Hazing Alive and Well in Australia

By Zeb Holmes and Ugur Nedim

Being encouraged to ejaculate into the shampoo bottles of females students, lighting pubic hair on fire, posting photos of the underwear of sexual ‘conquests’, and dangerous binge drinking are just some of the rituals outlined in the 211-page Red Zone Report into Australian universities, which is the product of an extensive investigation into hazing practises at residential colleges.

What is hazing?

Hazing is the “imposition of strenuous, and often humiliating, tasks” as part of a program of initiation.

Perhaps best known for hazing practises are college fraternity houses in the United States and the military organisation, whose members may require applicants or new recruits to undergo days of harassment and demeaning and/or physically and mentally draining tasks before they can be accepted into a group.

Deaths from hazing have been documented in the US since at least the early 1800s.

The Red Zone Report

The report was published by the organisation End Rape on Campus on 28 February 2018 and documents 79 years of hazing rituals in Australian universities.

It coincides with the week before the commencement of formal university lectures, known as Orientation Week, or O-Week – a seven-day period when an average of one-in-eight incidents of sexual assault occur each year.

The report outlines case studies from residential colleges in 12 universities, including eight of Australia’s leading institutions, with a particular focus on Sydney University colleges.

Academic and gender equality advisor Professor Catharine Lumby, who wrote the report’s foreword, told the media it makes for “sickening reading”, adding that many of the practises are performed by senior students upon first year students for “sexual and sadistic” purposes.

Hazing rituals

Other examples of rituals endured by ‘fresher’ (first year) students in order to gain social acceptance in university colleges include:

  • Pushing fresher students to consume large quantities of alcohol without access to a bathroom, causing them to urinate on themselves,
  • Locking first year students in bathrooms and dousing them with vats of dead fish,
  • ‘Fresher grooming’ whereby senior male students solicit and sexually rank junior female students,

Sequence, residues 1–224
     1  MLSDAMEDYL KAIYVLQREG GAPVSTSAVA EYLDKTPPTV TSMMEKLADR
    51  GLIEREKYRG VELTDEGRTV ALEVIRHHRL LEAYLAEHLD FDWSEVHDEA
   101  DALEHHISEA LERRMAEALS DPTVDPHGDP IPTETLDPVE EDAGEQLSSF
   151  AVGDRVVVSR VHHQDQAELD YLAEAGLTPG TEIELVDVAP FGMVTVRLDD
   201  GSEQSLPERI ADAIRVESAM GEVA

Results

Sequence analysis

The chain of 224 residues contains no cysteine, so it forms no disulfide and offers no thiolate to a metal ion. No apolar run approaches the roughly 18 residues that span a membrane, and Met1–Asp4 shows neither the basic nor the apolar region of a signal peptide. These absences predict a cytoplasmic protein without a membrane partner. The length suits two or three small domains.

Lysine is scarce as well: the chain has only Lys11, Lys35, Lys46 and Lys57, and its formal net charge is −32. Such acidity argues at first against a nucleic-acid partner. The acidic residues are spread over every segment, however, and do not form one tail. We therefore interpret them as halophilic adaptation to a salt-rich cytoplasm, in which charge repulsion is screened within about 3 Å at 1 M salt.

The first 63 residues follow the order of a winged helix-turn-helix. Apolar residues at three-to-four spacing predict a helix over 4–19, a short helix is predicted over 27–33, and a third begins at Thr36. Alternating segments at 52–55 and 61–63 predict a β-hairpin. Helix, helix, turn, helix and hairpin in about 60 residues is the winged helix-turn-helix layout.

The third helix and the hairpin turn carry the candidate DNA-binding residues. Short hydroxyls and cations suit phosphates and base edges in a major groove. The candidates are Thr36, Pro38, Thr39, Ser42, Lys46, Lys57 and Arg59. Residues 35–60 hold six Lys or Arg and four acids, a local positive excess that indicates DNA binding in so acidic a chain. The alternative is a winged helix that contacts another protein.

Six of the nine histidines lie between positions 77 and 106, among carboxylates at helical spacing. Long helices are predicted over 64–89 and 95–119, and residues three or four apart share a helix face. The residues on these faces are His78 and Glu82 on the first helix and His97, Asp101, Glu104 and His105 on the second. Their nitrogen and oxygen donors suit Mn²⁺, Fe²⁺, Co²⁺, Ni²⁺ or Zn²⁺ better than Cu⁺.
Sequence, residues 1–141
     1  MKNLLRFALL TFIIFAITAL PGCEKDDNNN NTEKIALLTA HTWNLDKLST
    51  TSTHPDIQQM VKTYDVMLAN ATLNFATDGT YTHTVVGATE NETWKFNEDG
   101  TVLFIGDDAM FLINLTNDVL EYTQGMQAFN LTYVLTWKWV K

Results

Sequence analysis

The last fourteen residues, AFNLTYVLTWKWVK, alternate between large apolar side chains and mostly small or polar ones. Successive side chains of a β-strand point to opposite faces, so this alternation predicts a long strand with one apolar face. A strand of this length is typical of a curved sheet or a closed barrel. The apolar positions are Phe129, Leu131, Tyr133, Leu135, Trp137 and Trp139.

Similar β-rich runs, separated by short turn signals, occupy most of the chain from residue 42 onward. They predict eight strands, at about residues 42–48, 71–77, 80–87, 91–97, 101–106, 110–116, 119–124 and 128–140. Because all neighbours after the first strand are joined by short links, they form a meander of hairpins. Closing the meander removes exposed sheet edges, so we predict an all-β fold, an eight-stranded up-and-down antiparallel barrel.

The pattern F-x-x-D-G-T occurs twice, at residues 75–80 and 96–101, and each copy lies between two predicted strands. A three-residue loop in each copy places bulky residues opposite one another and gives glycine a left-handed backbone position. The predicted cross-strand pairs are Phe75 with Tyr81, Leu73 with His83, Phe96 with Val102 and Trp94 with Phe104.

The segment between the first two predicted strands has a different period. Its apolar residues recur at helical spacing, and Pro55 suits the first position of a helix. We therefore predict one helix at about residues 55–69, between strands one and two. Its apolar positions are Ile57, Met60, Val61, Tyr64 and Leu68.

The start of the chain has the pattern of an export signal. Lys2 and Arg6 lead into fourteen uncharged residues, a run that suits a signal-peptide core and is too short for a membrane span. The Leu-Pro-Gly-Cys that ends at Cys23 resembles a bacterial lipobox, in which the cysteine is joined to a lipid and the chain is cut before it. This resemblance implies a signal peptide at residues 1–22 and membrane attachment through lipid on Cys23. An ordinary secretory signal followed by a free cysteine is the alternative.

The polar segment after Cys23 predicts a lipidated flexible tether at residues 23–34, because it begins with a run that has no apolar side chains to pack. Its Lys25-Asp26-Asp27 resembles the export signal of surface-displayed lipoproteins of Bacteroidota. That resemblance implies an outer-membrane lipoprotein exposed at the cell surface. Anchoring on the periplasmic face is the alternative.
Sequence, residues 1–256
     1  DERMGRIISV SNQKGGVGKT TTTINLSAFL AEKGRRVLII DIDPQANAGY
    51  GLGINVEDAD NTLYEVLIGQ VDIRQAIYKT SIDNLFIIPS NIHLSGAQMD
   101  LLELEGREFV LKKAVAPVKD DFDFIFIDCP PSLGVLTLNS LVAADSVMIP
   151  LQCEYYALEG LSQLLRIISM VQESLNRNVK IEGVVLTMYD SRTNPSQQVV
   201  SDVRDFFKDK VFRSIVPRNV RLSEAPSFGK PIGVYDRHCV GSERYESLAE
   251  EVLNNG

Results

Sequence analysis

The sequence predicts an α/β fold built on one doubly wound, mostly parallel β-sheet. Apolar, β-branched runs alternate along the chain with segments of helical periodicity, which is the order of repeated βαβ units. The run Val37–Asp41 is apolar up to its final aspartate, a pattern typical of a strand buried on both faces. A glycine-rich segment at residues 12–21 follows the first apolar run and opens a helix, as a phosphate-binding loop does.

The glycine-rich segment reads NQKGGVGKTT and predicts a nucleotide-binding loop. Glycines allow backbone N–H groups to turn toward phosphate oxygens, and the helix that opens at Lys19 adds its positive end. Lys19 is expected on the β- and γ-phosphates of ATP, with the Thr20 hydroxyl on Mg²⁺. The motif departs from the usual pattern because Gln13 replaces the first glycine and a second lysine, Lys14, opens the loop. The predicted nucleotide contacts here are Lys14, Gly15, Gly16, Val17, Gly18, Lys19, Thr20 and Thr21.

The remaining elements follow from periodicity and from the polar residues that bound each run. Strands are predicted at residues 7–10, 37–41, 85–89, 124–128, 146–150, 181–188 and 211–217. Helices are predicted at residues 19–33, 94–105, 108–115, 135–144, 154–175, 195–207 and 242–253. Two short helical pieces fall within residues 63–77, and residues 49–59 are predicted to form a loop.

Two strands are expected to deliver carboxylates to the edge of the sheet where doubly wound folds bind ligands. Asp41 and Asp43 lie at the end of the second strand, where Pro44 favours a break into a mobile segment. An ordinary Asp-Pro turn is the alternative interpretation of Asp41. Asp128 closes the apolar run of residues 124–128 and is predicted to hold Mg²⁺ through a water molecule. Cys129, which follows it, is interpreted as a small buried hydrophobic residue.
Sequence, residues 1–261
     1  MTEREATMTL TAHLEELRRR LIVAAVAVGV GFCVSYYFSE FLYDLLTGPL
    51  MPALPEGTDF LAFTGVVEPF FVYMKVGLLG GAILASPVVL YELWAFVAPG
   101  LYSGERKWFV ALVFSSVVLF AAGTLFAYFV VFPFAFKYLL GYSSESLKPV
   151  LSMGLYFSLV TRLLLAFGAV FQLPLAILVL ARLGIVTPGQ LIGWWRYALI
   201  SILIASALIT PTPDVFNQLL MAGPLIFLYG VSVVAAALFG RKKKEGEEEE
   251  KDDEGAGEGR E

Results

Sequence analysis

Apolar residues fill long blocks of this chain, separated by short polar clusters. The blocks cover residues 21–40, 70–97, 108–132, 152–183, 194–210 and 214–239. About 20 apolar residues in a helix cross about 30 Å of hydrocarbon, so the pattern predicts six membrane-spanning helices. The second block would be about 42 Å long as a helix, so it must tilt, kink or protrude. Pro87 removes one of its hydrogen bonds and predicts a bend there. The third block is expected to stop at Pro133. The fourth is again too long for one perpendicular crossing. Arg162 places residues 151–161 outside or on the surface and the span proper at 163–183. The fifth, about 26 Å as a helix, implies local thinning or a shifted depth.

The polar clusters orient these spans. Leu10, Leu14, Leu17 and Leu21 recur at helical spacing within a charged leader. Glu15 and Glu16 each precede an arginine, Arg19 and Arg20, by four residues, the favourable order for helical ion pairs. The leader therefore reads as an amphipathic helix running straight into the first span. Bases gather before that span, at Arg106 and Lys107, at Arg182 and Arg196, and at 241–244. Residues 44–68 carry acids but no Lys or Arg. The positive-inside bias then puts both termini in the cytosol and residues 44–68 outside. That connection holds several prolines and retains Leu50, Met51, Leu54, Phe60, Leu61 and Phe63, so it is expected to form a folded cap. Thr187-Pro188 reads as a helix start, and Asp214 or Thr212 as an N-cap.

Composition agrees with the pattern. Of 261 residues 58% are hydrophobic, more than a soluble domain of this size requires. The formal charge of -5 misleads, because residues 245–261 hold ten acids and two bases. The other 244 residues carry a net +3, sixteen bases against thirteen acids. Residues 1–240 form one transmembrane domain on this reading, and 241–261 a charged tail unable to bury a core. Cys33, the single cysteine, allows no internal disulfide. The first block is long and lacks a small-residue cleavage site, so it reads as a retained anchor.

• Labelling and constantly belittling fresher students with humiliating nicknames, like “Fresher Tampon”,
  • A yearly tradition called ‘the purge’, whereby students are encouraged to post graphic and embarrassing photos of other students’ sexual activities online,
  • A tradition known as ‘Walkabout‘, whereby fresher students are pressured to go on their hands and knees “like cattle” before older students abandon them across the countryside, often naked and highly intoxicated.

Peer group pressure

Affected students reported that it was difficult to opt out of the rituals, for fear of being ostracised.

“College culture is widespread and manipulative and toxic,” said Kendra Murphy, a former student at St. Andrew’s College who reported being sexually assaulted by a fellow student.

“It’s like an emotionally abusive partner… you feel like you hold power and are making decisions of your own free will but there is an unspoken pressure to adhere and perform as you should, and if you do not meet these expectations, you will be ostracised.”

Whistleblower reprisals

Indeed, students brave enough to report the misconduct have been outcast by their peers.

In 2016, Justine Landis-Hanley wrote an article for student publication Honi Soit about the culture of sexual harassment at university colleges. She reports that many students stopped speaking to her as a result, or refused to make eye contact, and even defaced her living space.

And University of Sydney student, Kendra Murphy, publicly reported being sexually assaulted at St Andrew’s College, she was accused of trying to “ruin the reputation” of a “great institution”.

Katie Thorburn, a former resident at St John’s College explained that members indoctrinated to be loyal to the institution and that those affected by practises such as hazing are unlikely to report the conduct for fear of jeopardising future professional connections.


The report recommends that hazing be criminalised across Australia.

It formulated the proscribed conduct in the following terms:

“the act of requiring an individual to undergo any act which is likely to cause bodily danger or physical punishment to any student or other person, as a precondition of joining or participating in a student group or organisation.”

Such an offence might capture conduct which does not amount to assault, but is nevertheless considered to be dangerous.

In the event such conduct might amount criminal hazing as well as an offence such as common assault, both charges might be brought at the same time – as is common practice with many types of criminal prosecutions.

Universities powerless

Representatives of Australian universities outline that they are powerless to stop hazing, as residential colleges are beyond their legal control.

A spokesperson from University of Sydney explained that state legislation known as the ‘St John’s Act’ regulates its six largest colleges, and that university employees do not have the legal standing to enter the properties to conduct investigations.

In November 2017, NSW Education Minister Rob Stokes introduced legislation into parliament to repeal the St John’s Act with a view to introducing new legislation enabling universities to appoint a representative to the council of colleges.

Mr Stokes said the representative would facilitate “greater accountability” for college misdeeds.

The reform bill passed the state’s lower house on 14 February 2018, and is expected to pass the upper house later this month March.

But many feel only education and a broader cultural change can lead to the cessation of hazing rituals.

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